In 1933 an event that would come to be known as the Great Famine killed between three and five million people in Ukraine. Now, Ukrainians unite each year on the fourth Saturday of November to light candles in memory of that trying time. “Holodomor,” or “Death by Hunger” is a not-so-gentle reminder of the perils associated with a non-independent country.

The famine began in 1932 in Kazakhstan and Southern Russia but quickly spread to Ukraine. Historians indicate it was caused by the “forced collectivization of farms.” Some even argue that the entire event was planned by Joseph Stalin, then head of the Soviet Union, as a response to Ukrainian pleas for independence.

The famine is sometimes referred to as a genocidal event, although historians are at odds as to whether this classification is accurate. Signs of the famine were present several years before it began claiming lives. The 1932 Soviet harvest yielded less than 60% of its 1931 yield.

Because Ukraine was the primary agricultural hub of the Soviet Union during the time, Stalin increased grain procurement quotas for the country by 44%. The increase was detrimental on its own but when coupled with the forced collectivization policies enacted in 1929, it was disastrous. Industrial collectivization laws dictated that farm members were unable to receive grain from their own farm unless grain quotas had been met. Thus farmers and peasants went hungry as they worked to produce enough to meet export goals.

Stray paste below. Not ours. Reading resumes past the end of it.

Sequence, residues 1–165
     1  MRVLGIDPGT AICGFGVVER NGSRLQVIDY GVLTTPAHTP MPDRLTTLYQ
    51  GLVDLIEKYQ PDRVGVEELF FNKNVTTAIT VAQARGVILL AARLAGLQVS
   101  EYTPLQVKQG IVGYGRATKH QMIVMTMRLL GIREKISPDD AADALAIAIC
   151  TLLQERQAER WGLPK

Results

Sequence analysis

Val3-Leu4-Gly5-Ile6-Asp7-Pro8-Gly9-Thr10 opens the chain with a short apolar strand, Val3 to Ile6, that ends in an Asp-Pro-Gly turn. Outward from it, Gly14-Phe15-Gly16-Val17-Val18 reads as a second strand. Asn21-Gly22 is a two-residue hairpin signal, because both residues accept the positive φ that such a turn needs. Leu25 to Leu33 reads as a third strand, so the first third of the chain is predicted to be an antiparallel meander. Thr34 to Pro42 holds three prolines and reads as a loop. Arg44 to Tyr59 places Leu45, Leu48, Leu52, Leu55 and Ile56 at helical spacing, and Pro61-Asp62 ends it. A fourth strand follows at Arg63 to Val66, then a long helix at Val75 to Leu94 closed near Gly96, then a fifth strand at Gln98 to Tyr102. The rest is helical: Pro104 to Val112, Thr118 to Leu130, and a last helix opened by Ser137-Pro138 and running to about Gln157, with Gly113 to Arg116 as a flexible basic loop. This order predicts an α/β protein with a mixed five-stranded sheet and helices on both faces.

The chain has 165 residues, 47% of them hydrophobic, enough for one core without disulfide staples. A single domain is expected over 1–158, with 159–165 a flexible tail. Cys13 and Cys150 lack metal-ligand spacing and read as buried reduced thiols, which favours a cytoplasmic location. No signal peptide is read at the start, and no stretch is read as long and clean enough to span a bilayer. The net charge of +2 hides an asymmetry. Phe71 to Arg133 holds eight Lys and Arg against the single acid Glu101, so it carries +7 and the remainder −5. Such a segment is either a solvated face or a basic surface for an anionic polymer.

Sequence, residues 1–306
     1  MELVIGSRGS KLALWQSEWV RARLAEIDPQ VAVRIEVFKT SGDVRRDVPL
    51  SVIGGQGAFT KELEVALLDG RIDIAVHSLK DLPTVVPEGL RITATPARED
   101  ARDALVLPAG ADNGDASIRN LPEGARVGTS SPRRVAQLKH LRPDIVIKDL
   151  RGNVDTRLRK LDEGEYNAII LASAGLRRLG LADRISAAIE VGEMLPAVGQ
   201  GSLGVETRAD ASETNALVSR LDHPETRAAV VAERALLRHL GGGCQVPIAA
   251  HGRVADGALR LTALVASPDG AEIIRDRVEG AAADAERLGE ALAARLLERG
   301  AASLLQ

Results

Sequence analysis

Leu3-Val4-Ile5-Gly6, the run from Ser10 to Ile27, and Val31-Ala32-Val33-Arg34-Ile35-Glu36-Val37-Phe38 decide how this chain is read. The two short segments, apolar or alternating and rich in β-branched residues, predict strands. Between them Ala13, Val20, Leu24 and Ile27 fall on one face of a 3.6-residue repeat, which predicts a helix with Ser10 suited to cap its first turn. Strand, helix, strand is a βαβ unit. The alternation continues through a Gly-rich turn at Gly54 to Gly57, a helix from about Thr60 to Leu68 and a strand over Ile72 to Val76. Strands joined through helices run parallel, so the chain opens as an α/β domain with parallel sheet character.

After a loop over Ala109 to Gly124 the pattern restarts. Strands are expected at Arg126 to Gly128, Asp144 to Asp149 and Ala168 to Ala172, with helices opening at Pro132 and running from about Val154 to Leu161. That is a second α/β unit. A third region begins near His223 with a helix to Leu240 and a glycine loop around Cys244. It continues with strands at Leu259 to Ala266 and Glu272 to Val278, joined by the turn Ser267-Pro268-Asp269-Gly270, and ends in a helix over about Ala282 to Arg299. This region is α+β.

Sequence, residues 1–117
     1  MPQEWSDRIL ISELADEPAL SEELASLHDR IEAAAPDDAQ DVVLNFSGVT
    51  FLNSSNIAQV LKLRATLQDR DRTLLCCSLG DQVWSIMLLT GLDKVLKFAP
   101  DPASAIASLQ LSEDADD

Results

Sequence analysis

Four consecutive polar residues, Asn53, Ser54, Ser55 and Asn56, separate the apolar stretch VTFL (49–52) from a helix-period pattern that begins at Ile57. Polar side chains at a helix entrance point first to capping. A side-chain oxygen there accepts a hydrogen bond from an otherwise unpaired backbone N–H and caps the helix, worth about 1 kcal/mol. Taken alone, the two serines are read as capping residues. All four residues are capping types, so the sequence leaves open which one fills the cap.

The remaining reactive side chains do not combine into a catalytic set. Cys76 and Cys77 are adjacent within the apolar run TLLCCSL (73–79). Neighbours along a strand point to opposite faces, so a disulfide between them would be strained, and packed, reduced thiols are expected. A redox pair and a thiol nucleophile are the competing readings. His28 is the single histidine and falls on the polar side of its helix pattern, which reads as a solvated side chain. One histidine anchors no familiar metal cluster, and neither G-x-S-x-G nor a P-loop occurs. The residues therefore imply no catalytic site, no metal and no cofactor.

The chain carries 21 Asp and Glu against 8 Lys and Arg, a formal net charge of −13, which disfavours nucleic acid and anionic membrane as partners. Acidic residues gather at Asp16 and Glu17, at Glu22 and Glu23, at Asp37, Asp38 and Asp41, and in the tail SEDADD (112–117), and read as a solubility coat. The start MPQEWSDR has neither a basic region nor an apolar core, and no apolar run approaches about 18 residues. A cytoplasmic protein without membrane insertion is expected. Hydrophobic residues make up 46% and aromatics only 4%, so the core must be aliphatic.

Rural residents were impacted quickly but urban residents were granted rations at first.

Slowly, the rations were cut back as urban and rural Ukrainian residents watched the export of most of their yield. Fear was propagated between rural and urban residents by a series of videos being shown to urban workers. The videos portrayed rural farmers hiding extra food on the property so as not to starve, which angered the famished urban residents. Raids become commonplace in the country and any individual that neglected to look starving was often suspected of hoarding grain.

The scope and scale of the famine were unprecedented. At its peak, nearly 28,000 people were dying each day.  The Soviet Union vehemently denied the famine for many years, making the actual deal toll difficult to calculate. Death certificates that should have read “starvation” under Cause of Death were falsified. In fact, public knowledge of the famine was negligible until the 1980s.

When the Soviet fell and Ukraine gained independence in 1991, many testimonies and public records offered insurmountable proof that Holodomor did in fact occur. More than two dozen nations recognize the event as genocide, and several others have focused their research on discovering exactly how it came to pass.